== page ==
Chinese are Fastest Growing Foreign Students at U.S. Universities
The Institute of International Education's Open Doors Report released this week reports that the number of Chinese students enrolling in American universities jumped by 43% percent this year. Of the roughly 723,000 foreign students enrolled in U.S. colleges, 22% are Chinese. This sharp increase over a relatively short period of time has opened the floodgate of discussions about whether U.S. campuses are logistically, socially and culturally equipped to deal with such an influx of students from a single region. Such conversations are difficult to engage in since it is impossible to disentangle delicate racial and societal connotations from the dialogue.
The growth in number of Chinese students is attributed largely to China's burgeoning middle-class, as well as to its one-child policy, which means that parents tend to funnel all their energy and financial support into a single child. In China, the U.S. has a reputation for offering stellar third-level education, and the competitive global economy means that Chinese students stand to benefit from improving their mastery of English language and American culture. American universities also win in this scenario; in addition to adding greater cultural dimension to their student bodies, they also enjoy the benefit of China's rigorous secondary-education system, which churns out top-notch students. Another benefit for U.S. colleges?-fewer than 30% of Chinese students seek out any financial aid.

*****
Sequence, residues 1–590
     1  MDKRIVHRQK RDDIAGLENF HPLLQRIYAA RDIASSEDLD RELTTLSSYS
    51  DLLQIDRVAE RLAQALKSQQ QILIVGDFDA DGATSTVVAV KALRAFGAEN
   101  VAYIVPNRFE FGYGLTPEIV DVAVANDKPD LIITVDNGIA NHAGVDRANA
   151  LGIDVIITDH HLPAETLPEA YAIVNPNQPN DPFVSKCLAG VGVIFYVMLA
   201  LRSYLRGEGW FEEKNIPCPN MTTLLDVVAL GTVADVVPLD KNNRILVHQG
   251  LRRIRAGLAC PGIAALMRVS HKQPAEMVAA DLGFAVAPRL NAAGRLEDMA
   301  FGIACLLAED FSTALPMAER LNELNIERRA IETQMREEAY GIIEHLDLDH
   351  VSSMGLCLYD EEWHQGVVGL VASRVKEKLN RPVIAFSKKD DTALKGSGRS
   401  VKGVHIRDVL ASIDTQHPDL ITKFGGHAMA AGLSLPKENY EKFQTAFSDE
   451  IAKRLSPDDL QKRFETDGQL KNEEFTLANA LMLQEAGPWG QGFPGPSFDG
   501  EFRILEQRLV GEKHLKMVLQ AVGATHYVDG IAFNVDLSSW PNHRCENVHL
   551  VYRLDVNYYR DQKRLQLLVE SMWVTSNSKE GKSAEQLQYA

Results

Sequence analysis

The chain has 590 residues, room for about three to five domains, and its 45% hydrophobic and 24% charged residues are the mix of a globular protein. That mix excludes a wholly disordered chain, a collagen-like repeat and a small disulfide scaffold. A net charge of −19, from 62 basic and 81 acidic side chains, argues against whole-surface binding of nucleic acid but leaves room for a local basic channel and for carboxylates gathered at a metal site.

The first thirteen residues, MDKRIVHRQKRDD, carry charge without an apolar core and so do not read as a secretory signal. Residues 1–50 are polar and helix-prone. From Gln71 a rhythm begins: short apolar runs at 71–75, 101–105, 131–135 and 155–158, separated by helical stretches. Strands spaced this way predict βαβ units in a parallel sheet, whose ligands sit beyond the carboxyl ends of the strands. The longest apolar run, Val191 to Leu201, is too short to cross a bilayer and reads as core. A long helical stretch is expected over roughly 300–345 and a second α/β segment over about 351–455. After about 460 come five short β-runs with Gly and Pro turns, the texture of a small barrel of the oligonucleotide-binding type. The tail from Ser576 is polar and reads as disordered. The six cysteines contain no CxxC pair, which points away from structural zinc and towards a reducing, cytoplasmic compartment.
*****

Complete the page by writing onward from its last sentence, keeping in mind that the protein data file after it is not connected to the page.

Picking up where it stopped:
Other teething problems with this cultural exchange are making headlines. Most notably, problems with cheating and plagiarism for Chinese students who may have the grades to get into U.S. colleges, but not the mastery of English. There are also problems with assimilation for the Chinese students, and tolerance from their American counterparts. American recruiting within China's borders has raised ethical concerns. Professors struggle to tailor curriculum and class atmosphere to two very different cultures. Most experts see the obstacles as surmountable over time. For a wonderfully detailed discussion: The Chronicle